Degree Type


Date of Award


Degree Name

Doctor of Philosophy


Agricultural and Biosystems Engineering

First Advisor

Charles R. Hurburgh

Second Advisor

Sigurdur Olafsson


Implementation of traceability techniques in bulk food product supply chains is a complex task. A systems approach was used to develop a framework for implementation of traceability in bulk grain supply chain in the United States. A relational database model was developed to facilitate internal traceability at a grain elevator, which is one of the first nodes in a food supply chain. This data management technique could mitigate the bulk grain handling problems by recording all grain lot transformations/activities, including movement, aggregation, segregation, and destruction as well as supplier and customer information. The system can be queried to retrieve information related to incoming, internal and outgoing lots and to retrieve information that connects the individual incoming grain lots to an outgoing shipment. Next, a mathematical multiobjective mixed integer programming (MIP) model was proposed with two objective functions; to calculate the minimum levels of lot aggregation and minimum total cost of blending grain in order to meet the customer contract specifications. Constraints on the system include contract specifications, availability of grain at the shipping elevator location as well as other locations and the blending requirements. The solutions include the quantities of grain from different storage bins to be used for blending for a shipment while using the minimum number of storage bins and the total cost. The numerical results are presented for a corn shipment scenario to demonstrate the application of this model to bulk grain blending. Pareto optimal front is computed for the problem for simultaneous optimization of lot aggregation and cost of blending. This model provides an effective method for minimizing the traceability effort by minimizing the food safety risk caused by lot aggregation. Finally, a new methodology for modeling the traceability information using the UML statecharts following an event management approach in bulk food production is introduced. A generic model is presented and evaluated based on its practical application in bulk food production by providing illustrations from two supply chains; pelagic fish and grain. The statecharts are developed for frozen mackerel production and corn wet milling processes. All states and events for these processes as well as the information that needs to be captured for each transition are indentified that includes the product, process and quality information. The data capture points were identified based on the various states and events that occur during food production and are connected to product, process as well as quality information.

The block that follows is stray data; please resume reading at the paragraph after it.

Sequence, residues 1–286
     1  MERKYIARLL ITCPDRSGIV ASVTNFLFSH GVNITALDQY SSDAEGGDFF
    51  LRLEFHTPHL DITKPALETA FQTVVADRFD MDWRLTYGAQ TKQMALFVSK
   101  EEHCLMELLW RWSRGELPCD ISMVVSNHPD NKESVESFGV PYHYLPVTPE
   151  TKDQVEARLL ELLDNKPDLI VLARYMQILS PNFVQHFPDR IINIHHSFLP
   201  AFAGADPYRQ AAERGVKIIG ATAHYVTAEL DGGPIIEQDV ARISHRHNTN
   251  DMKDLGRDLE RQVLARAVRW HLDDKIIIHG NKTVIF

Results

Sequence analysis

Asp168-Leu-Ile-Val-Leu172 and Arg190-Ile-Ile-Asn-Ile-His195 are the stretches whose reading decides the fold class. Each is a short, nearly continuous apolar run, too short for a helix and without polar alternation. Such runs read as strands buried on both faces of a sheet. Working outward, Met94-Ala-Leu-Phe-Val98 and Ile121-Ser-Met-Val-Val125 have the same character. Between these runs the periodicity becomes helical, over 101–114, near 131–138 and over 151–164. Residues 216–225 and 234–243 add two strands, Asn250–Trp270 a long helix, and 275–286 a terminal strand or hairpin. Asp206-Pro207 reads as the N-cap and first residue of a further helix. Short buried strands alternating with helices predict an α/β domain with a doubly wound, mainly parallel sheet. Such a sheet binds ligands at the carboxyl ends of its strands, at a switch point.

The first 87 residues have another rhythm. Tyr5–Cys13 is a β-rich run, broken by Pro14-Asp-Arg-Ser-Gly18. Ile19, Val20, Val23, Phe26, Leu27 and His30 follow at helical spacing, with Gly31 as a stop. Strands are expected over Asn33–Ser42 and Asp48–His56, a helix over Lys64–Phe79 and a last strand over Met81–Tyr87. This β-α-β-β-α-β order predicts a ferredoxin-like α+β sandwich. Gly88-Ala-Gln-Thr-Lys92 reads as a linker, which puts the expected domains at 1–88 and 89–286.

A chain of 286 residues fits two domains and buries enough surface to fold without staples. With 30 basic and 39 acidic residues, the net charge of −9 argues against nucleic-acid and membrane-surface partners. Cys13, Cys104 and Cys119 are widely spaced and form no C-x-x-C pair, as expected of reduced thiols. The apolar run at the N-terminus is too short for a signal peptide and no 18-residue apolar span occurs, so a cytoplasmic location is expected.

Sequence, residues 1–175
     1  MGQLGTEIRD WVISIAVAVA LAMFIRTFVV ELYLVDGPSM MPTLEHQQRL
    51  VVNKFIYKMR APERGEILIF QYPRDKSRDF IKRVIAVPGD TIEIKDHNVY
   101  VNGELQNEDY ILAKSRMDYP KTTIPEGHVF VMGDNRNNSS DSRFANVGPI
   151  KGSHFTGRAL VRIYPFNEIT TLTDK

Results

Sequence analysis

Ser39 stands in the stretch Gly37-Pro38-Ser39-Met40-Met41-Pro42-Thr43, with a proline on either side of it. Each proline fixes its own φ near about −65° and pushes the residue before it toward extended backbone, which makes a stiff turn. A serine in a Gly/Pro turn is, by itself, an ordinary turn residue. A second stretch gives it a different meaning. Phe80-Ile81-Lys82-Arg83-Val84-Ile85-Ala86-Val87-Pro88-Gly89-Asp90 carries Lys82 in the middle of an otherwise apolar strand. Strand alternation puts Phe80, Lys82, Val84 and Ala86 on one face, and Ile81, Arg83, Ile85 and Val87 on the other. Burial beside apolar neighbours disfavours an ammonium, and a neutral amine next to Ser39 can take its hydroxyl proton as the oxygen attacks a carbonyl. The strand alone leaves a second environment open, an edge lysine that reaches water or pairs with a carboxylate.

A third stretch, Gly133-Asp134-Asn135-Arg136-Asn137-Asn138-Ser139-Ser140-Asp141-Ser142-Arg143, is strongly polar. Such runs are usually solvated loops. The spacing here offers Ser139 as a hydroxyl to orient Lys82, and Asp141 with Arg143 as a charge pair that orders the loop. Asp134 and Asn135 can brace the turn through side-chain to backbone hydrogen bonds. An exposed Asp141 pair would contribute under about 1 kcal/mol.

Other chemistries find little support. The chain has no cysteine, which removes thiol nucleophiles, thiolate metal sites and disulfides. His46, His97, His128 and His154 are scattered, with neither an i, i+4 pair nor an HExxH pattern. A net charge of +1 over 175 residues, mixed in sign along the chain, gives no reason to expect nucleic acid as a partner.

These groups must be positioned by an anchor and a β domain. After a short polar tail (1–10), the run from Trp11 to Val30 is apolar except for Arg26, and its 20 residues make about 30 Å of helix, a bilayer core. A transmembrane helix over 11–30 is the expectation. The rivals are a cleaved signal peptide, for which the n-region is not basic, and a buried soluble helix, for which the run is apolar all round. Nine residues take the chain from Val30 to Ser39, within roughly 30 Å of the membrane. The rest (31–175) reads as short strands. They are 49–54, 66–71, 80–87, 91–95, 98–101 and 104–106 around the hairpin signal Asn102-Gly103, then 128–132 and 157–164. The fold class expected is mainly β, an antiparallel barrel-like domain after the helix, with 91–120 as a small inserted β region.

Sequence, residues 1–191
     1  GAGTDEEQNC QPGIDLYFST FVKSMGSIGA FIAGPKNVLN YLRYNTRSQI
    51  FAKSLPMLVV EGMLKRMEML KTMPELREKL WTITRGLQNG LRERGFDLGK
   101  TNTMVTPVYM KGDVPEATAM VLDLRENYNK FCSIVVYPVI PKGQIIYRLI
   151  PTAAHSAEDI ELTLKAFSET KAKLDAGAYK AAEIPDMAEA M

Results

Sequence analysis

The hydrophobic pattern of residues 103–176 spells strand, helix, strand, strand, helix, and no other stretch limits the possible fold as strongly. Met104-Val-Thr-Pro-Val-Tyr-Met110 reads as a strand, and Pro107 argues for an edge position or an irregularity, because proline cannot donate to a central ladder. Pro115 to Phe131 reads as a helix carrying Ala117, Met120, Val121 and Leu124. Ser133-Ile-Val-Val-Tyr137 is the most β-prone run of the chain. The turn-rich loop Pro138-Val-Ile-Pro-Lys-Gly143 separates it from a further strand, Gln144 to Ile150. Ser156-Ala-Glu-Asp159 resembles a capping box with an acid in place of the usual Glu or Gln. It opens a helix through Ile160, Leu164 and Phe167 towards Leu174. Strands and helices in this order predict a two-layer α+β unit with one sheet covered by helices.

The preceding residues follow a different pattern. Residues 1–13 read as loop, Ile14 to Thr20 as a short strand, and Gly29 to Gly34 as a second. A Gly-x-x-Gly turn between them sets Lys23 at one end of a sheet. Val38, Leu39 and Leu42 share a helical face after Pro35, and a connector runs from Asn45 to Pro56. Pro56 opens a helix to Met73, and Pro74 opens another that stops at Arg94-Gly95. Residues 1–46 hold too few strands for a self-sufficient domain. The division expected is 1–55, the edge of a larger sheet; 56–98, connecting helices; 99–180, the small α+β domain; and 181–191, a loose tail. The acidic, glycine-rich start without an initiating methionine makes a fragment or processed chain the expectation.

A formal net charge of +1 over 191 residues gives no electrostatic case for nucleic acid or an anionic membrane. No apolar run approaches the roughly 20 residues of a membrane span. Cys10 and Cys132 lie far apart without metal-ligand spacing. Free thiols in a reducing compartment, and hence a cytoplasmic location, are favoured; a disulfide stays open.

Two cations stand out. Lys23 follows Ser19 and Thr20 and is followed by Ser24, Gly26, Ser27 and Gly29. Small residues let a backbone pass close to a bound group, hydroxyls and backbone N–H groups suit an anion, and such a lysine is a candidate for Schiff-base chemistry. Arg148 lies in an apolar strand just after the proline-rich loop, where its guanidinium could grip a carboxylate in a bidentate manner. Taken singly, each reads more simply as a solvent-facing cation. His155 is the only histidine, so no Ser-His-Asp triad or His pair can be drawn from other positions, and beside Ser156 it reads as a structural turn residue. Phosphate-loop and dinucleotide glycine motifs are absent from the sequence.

Copyright Owner

Maitri Thakur



Date Available


File Format


File Size

167 pages